As one half of two videographers, on a wedding day my morning typically starts with the groom, capturing the action as the groom and his groomsmen don their ties, put on those cufflinks and get ready for the day. Hanging out with the boys in the morning is usually a lot of fun with a great sense of camaraderie often evident between close mates on such an important day. But after spending so many mornings with the boys I’ve come to realise there’s one or two things that you maybe haven’t thought about before the big day…
- First of all, if you were planning on getting ready on your own I would highly recommend inviting your best man and ushers to come and get ready at the same place. The morning of your wedding should be every bit of fun as the rest of the day and having your closest friends around you as you prepare really makes the occasion and prevents you from getting too nervous or anxious about the day. It’s also great for photos and video so where possible it’s great to get your photographer/videographer to come along too…
- This may seem obvious but if you are going to have a photographer/videographer present for the getting ready shots then make sure you’re not completely ready before they arrive. Mostly they’re there to capture the atmosphere and maybe a few shots of you putting on your ties, cufflinks and jackets but if you’re unsure then talk to your photographer/videographer before the big day so that they can time their arrival right for you. Oh and speaking of ties…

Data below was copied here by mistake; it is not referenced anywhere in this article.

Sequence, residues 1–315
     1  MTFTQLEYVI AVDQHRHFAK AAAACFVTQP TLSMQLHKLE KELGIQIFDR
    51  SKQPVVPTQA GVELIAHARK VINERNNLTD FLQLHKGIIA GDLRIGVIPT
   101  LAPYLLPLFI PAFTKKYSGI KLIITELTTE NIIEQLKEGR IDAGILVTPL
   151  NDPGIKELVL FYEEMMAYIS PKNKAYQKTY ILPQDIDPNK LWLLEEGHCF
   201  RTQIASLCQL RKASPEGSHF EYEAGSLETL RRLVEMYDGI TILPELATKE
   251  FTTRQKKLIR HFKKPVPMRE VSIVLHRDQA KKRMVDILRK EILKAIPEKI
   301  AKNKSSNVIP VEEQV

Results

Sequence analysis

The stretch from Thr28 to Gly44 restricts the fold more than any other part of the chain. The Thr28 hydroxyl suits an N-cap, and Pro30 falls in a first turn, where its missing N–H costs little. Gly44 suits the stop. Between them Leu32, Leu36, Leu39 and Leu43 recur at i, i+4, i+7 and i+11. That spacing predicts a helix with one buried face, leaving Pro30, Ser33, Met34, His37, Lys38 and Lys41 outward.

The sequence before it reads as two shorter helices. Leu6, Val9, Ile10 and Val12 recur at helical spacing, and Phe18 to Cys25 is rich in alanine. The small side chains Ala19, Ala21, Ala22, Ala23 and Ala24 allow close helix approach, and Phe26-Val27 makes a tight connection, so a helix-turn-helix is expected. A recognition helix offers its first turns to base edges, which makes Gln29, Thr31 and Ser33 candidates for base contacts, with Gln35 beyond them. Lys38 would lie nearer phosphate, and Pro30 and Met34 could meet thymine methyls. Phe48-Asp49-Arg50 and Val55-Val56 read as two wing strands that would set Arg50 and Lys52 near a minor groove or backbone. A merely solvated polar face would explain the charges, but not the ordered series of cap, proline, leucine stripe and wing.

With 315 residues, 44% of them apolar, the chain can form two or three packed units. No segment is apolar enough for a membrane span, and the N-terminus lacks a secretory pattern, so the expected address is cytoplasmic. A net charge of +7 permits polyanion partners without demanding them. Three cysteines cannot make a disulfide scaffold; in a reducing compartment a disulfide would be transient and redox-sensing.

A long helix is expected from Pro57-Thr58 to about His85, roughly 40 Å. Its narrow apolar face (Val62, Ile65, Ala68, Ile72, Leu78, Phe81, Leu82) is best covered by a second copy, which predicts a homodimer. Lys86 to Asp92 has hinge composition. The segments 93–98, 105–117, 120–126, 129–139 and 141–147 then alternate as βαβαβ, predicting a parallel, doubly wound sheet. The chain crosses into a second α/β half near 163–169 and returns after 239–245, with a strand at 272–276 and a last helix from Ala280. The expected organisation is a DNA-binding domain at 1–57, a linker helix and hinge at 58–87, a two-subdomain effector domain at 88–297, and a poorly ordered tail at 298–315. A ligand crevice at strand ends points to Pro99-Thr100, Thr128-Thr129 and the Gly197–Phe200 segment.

- Make sure you’ve worked out and practiced the type of knot you want to do your tie with before the big day and make sure everyone else knows how it’s done too. This is particularly the case if you’re wearing a cravat as, depending on the type, these can be quite different to tying a normal office tie.
- Bring some scissors. When you come to put on your suit you will often find that the pockets are stitched up in order to hold the shape and that somewhere a label will be stitched to the outside of the suit. Having witnessed some innovative but occasionally risky approaches to getting these done ranging from nail clippers to cigarette lighters to pulling at the stitching and hoping for the best, a pair of scissors is definitely a must have item!
- Pocket squares. There are a range of ways to wear a pocket square/handkerchief as you can see on this link: http://www.samhober.com/howtofoldpocketsquares/pocketsquarefolds.htm but make sure that you’ve decided on the look you’re after before it comes to folding it and once again practice to make sure you can recreate it on the day. Oh and pocket squares are worn on the same side as the buttonhole – the left.
- Buttonholes are another oft confusing aspect. As already mentioned these should be worn on the left and, theoretically, through the actual buttonhole and pinned behind (although formal wedding suits normally have a loop of fabric behind the lapel to hold the buttonhole in place. If your flower is designed to show off the stork though you may need to pin it fully rather than put it through your lapel. To do so start from behind go through the lapel over the front of the flower and back through the other side.
- Ushers – use this chance to check your responsibilities with the groom. If they’re expecting you to help people find their seats check whether anything more than the front row needs leaving free for the wedding party and whether or not they have a specific side for guests of the bride or groom to sit on.
So chaps we hope these few little tips will help you to get ready stress-free so you have time to stop off for a pint on the way… sorry I mean time to relax and contemplate how wonderful your wedding day is going to be.
P.S. it’s probably best if the best-man holds onto that hip-flask, you don’t want it showing through your pockets!